When a young woman leaves her native village to start life in college, a new beginning unfolds. Leaving behind the illness that has plagued her since childhood, this is Michaela's opportunity to experience life for the first time. When her illness returns and manifests itself in the form of voices and visions, Michaela believes she is possessed by demons and seeks a local priest to help her.

Arriving with great praise from the European cinemas and winner of several awards for 'Huller', director Hans-Christian Schmid has created his own version of Dogma filmmaking. Using authentic 70s settings, he invites audiences into this simple story of a woman torn between her new life and the life she is trying to leave behind.

After suffering for most of her adolescence with epilepsy, Michaela longs for independence and distance from her cold-hearted mother (Kogge). Her father supports her decision and allows her to join college in the hope of a better future. Michaela's new freedom brings new friends in the form of Hanna (Blomeier) and a sexual awakening with boyfriend Stefan (Reinke). Despite her medications she struggles more and more with epileptic fits and hallucinations.  Unable to pray anymore she turns to the church for help. She identifies a similarity with St Katrina whom she has a new devotion to. Struggling to balance her new freedom with her religious beliefs she feels abandoned by her family, friends and, ultimately, God and believes it is her fate to suffer.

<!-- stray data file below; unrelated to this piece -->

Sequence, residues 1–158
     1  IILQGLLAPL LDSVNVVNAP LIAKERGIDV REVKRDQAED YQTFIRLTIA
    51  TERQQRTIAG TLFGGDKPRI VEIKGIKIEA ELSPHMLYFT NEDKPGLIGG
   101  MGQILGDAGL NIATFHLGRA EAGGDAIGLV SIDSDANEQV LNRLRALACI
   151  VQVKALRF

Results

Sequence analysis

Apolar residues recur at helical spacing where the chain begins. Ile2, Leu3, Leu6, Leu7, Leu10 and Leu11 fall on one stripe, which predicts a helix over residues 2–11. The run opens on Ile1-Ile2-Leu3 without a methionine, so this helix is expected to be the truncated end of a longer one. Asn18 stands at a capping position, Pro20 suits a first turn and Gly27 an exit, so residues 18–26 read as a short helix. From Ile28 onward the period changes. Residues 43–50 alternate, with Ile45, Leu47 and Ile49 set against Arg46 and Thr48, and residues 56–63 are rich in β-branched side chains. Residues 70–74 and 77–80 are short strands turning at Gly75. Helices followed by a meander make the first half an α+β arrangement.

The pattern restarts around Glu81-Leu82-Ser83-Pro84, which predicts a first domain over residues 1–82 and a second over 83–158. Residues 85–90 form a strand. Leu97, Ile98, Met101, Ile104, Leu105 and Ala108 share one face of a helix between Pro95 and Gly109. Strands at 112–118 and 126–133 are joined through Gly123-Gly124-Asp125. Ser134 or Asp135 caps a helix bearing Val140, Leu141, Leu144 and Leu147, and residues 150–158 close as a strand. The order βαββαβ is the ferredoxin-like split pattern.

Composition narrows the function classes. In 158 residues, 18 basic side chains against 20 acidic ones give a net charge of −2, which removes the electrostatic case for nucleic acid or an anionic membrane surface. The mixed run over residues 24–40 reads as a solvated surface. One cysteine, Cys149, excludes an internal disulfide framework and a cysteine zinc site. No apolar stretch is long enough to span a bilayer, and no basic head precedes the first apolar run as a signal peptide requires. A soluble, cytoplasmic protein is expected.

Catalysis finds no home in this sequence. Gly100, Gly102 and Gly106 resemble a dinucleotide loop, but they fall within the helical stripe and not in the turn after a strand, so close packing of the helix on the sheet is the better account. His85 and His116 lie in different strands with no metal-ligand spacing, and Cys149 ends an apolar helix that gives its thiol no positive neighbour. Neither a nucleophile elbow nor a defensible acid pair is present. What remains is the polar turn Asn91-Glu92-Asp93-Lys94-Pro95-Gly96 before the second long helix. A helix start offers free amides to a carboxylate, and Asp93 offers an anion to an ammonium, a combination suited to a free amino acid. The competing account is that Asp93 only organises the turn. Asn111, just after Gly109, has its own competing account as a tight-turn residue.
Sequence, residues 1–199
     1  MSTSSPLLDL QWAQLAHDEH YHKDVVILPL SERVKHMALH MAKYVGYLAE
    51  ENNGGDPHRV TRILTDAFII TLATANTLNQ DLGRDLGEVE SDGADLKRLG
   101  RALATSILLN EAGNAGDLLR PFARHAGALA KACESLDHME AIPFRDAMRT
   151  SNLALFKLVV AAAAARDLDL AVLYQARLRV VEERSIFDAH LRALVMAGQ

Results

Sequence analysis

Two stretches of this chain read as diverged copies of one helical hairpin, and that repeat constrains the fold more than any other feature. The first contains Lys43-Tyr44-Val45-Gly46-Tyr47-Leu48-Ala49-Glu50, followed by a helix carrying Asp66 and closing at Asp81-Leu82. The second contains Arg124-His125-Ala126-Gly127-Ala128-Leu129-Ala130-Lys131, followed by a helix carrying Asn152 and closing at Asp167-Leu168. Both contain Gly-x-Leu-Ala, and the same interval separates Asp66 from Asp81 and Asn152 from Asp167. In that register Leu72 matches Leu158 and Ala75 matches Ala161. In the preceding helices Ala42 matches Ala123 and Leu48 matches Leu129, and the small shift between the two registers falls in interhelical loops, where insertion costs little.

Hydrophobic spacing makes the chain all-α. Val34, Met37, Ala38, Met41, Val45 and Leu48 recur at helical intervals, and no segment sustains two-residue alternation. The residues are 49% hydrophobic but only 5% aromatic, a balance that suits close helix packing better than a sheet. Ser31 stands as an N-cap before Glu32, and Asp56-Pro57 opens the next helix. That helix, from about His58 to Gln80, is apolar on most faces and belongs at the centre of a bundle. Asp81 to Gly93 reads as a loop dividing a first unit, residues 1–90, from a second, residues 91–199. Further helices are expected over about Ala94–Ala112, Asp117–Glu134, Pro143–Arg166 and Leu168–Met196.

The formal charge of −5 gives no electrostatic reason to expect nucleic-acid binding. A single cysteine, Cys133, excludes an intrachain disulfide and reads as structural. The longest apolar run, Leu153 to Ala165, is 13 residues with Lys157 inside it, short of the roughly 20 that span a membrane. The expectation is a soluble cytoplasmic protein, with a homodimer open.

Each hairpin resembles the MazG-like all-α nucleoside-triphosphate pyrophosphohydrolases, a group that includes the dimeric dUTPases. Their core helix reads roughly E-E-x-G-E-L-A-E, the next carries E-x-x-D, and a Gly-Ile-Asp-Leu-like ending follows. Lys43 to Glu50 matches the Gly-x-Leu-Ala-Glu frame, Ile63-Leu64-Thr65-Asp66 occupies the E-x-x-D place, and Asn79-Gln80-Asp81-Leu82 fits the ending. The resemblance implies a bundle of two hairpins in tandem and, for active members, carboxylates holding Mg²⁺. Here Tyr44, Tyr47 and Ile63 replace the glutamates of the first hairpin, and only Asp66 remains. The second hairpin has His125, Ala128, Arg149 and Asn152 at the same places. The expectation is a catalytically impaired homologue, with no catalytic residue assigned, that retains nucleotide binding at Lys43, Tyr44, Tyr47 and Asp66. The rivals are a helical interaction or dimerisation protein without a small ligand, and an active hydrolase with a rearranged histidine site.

Nicely paced, Schmid's film is spiritually based and inspired by suffering. The acting and settings are understated and the director steers the audience down a path less travelled by so many other films dealing with the subject of exorcism. Themes of abandonment and suppression run through this very personal and intense movie.

Sean Kavanagh